Here, Craft swings it over to Scott, who attacks after a poor, off-balance close by Ray Rice. Ross starts to drift up from the corner into the weak spot of the zone on the wing. Finding the soft spot in the defense from behind the arc will be one of the niches that Ross fills in the NBA. He does an excellent job of that, but doesn't really have his feet set to shoot before receiving the ball. Most excellent catch-and-shoot players already have both feet pointed at the rim upon receiving the ball, which allows for a quicker trigger on the jumper. That's why you see some guys do a hop step before receiving the ball, or a begin to bring their foot forward before the pass hits their hand. Here, Ross only has one foot pointed towards the rim, and the other foot on the ground pointed towards Ohio State's bench. That makes his trigger a bit slower, and allows Jon Ekey to get out and contest the three. It goes in, but little things like this are important to jump shooters in the NBA because of how quick defenders are and because of the depth of the three point line.

These fundamentals in setting his feet could also have implications as to why he shoots far better from the left side of the floor, as seen above, as opposed to the right side. Stepping into the three from this side as Ross does is a lot more natural with passes coming from the lane than it is on the right side for right-handed shooters. It keeps his balance in line with the rim. Let's take a look at a three pointer from the right side of the floor and try to understand a little bit more as to why Ross struggles on that side.


Ugh. He opens up too far to Craft in order to receive the pass, which throws off his entire footwork. His back foot (which is his pivot foot in this scenario) isn't even set at the rim here when Craft throws the pass. That throws off Ross's balance entirely here, and his feet never actually get pointed at the rim. They're more towards John Beilein standing on the sidelines. The ability to get that left foot down and pointed to the rim is much easier for a right handed shooter on the left side of the floor. It's easier to plant the left foot, and wait for the pass to step into it with your right foot than it is on the right side of the floor. Here, as Ross tries to step into the with his right foot, it's clear he's not going to be pointed at the basket. Because of that, he ends up overcompensating and shooting it a bit too far to the right, which is seen by it ending up sailing wide right. You can also see how this throws off his balance slightly as well by the way he follows through with a one foot hop. The first thing that Ross needs to work on in pre-draft workouts is his footwork when lining up to shoot. This is also a small thing that would be fixable in the offseason in college, and would allow him to go from shooting 35% on college threes like he did this season to more like 40+%, which is what he's capable of given his skills.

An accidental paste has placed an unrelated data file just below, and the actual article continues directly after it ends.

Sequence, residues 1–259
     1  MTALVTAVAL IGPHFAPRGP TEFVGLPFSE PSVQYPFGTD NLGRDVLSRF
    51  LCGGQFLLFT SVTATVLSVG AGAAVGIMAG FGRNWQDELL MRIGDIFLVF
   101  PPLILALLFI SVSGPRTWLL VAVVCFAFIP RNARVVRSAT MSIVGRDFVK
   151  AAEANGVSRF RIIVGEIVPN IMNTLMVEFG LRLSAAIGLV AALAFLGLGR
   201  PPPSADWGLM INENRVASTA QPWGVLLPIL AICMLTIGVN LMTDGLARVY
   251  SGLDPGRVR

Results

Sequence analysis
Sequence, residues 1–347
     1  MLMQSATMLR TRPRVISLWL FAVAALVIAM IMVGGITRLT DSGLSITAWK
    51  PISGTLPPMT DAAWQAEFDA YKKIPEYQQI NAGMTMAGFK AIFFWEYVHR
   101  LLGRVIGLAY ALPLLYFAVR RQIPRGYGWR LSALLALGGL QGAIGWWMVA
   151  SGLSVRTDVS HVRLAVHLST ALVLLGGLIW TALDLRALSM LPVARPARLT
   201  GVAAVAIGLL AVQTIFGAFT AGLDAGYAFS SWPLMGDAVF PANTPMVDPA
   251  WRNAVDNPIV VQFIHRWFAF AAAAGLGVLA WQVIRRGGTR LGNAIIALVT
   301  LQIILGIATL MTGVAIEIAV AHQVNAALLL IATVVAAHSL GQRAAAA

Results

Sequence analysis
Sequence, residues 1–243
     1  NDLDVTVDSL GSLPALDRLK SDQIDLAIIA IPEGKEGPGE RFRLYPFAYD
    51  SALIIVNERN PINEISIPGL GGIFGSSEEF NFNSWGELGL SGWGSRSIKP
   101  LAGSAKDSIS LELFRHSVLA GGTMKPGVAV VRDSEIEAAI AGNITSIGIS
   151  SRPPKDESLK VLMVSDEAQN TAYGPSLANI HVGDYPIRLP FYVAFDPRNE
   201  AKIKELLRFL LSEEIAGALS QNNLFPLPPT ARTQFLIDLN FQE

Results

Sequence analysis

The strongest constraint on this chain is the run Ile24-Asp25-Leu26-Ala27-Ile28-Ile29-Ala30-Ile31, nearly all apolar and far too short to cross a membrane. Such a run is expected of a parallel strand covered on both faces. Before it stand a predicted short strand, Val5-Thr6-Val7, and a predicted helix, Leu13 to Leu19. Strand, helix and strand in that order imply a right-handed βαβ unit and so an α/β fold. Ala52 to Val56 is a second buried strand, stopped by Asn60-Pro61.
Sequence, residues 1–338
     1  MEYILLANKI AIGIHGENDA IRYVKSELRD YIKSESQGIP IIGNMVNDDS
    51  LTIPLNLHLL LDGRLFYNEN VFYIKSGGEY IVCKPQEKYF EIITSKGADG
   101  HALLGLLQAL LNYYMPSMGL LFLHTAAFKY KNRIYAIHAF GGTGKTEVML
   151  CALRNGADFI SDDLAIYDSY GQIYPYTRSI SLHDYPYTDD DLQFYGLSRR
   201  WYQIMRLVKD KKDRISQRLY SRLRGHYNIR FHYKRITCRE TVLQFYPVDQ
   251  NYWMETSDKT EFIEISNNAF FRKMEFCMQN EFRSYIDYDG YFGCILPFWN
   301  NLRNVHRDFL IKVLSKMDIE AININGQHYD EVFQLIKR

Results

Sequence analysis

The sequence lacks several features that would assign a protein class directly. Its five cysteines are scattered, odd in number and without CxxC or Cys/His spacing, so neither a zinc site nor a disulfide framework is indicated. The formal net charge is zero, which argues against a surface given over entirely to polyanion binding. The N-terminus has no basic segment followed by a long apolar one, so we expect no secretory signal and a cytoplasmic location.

The other place that's interesting as far as scoring the ball for Ross is in the paint. His 59% at the rim is slightly below average among draft prospect small forwards this season. When getting into the paint on drives, Ross possesses a pretty quick, long first stride that allows him to get into the paint. He's fairly quick overall when he's going in a straight line with the ball, but he has almost no shiftiness or change of direction in his dribble. Also, given that he's still pretty skinny, it's probably going to be somewhat difficult for him to finish there as it is in the NBA, especially immediately.

The place that's far more interesting to examine is that short post area, where he excelled this season shooting 45% in conference. Ross was often deployed there against zone offenses, and was Ohio State's most reliable weapon in these situations. He possesses both a solid foul line jumper, as well as a good floater once he gets further into the high post. Let's take a look at an example of that:


As mentioned already, one of the fundamental things that Ross does best is create a wide zone for passers to get him the ball. Here, we get to see him flashing in the high post against Minnesota's 2-3 zone, doing an excellent job sliding and holding that base open for his ball-handlers. Then, once the pass goes down into Amir Williams – not necessarily a beacon of playmaking for the Buckeyes – he pivots on his right foot and keeps that wide pass catching zone for Williams to get him the ball. Once he gets the ball, he uses his length against a smaller defender, spins back over his left shoulder, and shows off excellent touch on a leaning floater that allows him to get a nice, soft roll on the rim.